Emily Isaacson remembers attending classical concerts as a teenager, feeling the music viscerally, connecting with the sound. The music was exciting, passionate — it made her want to move her body. It let her tap into feelings she could not put into words.
At the same time, she felt a disconnect between the way the music moved her and the way traditional concerts wanted Isaacson to listen to it — in silence, in a cathedral-like hall, following unwritten rules. She wants to “clap between movements and sway in the aisles,” she says. And so she has made it her work to bring music to the community as a shared experience and a call to action.
At Williams College and around the world, she has seen many kinds music acting as a catalyst, she says, and drawing community together. She wants to see classical music doing that work and holding that energy. So she has started her own center for it, even in the pandemic.
Today, she serves as founder and artistic director of Classical Uprising in Portland, Maine. She created the nonprofit at the height of Covid in 2020, merging Boston’s Oratorio Chorale, which she has led since 2013, with the Portland Bach Experience, which she founded in 2018.
She now leads more than 120 adult amateur singers, 70 young musicians and 60 professional artists in performances that move music out of the concert hall and into the places where people are — the ferry station, the farmers’ market, the grocery store, the library — through sound installations, events and programs.
This summer, Classical Uprising held the Portland Bach Experience, a live, mostly in-person series across 10 days in June, including A Midsummer Night’s Dream: Carnival Concert & Community Celebration — a day-long music festival including a parade of giant puppets, a Fairy Queen drag show with a live symphony orchestra and a community dance party. The musicians performed around town throughout the festival, from a Bach and Beer night pairing concerts and brews to Handel happy hours and family ice cream concerts.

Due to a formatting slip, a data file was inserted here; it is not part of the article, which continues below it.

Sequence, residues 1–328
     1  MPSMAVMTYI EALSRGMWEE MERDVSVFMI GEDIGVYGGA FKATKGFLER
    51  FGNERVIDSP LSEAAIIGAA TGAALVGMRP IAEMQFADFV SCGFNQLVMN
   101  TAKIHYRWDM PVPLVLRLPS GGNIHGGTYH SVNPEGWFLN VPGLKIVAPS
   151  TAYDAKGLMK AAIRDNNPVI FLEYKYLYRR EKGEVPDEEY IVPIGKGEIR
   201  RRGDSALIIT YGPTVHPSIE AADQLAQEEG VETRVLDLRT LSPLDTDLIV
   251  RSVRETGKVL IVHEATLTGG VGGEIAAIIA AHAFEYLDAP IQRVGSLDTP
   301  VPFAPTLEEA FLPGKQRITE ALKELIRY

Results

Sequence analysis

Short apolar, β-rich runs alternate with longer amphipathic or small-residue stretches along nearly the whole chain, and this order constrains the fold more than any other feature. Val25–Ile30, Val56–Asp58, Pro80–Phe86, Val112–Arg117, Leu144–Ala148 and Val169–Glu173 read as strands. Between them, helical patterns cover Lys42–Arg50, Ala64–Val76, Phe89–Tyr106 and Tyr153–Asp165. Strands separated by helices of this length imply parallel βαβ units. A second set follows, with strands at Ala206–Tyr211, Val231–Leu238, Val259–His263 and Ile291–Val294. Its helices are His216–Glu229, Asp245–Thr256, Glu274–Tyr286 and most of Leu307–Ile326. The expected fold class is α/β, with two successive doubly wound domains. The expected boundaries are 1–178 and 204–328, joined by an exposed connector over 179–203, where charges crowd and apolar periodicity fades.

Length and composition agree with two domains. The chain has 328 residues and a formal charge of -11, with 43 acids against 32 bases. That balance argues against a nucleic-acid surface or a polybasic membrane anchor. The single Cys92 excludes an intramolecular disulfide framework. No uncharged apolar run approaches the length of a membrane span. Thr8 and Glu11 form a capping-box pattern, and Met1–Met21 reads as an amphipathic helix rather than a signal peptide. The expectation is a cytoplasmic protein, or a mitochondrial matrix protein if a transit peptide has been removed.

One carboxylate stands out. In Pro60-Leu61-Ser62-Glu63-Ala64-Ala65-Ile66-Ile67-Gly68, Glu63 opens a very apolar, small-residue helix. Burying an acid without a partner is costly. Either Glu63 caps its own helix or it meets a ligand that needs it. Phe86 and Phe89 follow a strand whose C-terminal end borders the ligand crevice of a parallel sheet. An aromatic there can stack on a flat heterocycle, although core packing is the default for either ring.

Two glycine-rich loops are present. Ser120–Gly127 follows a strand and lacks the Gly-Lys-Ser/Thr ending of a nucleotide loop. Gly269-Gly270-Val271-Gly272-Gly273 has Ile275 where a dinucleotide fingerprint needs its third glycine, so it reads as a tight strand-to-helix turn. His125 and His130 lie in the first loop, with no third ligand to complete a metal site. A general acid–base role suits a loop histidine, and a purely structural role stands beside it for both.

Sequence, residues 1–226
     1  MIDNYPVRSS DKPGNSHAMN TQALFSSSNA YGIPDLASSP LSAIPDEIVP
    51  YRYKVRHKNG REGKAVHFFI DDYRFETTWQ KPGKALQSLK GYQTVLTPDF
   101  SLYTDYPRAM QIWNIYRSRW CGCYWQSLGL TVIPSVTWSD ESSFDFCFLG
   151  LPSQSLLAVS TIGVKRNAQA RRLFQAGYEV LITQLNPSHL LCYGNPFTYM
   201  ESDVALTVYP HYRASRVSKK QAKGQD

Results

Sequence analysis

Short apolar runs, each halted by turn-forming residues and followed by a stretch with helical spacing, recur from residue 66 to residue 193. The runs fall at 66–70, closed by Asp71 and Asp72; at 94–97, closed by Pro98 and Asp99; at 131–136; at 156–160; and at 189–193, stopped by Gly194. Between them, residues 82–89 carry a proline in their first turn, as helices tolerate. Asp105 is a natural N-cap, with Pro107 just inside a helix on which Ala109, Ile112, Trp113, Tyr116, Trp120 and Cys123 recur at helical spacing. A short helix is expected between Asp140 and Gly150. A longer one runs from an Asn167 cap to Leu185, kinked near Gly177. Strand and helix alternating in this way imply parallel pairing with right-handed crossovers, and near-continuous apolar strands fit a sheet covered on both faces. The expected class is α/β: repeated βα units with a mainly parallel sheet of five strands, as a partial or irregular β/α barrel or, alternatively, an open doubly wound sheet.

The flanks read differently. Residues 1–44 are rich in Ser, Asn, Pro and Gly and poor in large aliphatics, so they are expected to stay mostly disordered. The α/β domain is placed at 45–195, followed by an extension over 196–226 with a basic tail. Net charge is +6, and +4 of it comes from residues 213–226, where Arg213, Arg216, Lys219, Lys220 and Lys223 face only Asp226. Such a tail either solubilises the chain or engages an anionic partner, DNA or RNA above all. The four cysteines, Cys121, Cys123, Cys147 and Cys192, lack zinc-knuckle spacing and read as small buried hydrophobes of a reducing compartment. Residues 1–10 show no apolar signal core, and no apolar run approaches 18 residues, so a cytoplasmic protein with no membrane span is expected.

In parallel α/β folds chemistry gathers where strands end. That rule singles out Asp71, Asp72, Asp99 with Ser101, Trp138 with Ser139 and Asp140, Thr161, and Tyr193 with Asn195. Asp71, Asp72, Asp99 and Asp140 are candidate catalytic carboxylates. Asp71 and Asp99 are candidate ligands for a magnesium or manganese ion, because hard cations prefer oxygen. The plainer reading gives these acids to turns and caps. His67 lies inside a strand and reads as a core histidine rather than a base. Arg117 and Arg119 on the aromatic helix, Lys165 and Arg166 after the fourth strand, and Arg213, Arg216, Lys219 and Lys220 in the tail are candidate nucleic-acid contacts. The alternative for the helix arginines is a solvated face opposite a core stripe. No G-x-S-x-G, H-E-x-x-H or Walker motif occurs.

Isaacson traces her passion for this work to Williams. Though she majored in English, she had wanted to work in music as a conductor since she was 13, and she explored growing interests in political activism.
She created a sound composition and installation in a course on music in politics taught by political science professor Mark Reinhardt and artist and lecturer Peggy Diggs, and she found a mentor in Williams choral director Brad Wells.
“I walked into Williams ready to have conversations with Brad about how do I build this career, what are the next steps, what do I need to study,” Isaacson says. “And so Brad and I must have had dozens, if not a hundred, brown bag lunches under the trees — I can picture it outside WCMA—talking about this stuff: what is an ensemble, what is classical music, what is the way to experience classical music.”
She followed that path in the years after she graduated, with a master’s degree in musicology at University of Edinburgh, a master’s in music and choral conducting at University of Oregon and doctorate in musical arts and conducting from University of Illinois. She traveled and studied in Sweden and in Cuba. And then she began working with Wells in 2008 to found the Grammy Award-winning ensemble Roomful of Teeth.
She worked as his assistant, approaching funders and writing grant applications, and she saw the grit and consistency Wells needed to bring to life an ensemble that brings together musical traditions from around the world. The group has a sense of invention and connection, she says, in the same spirit that moves her work today.
‘I want to clap between movements and sway in the aisles.’ — Emily Isaacson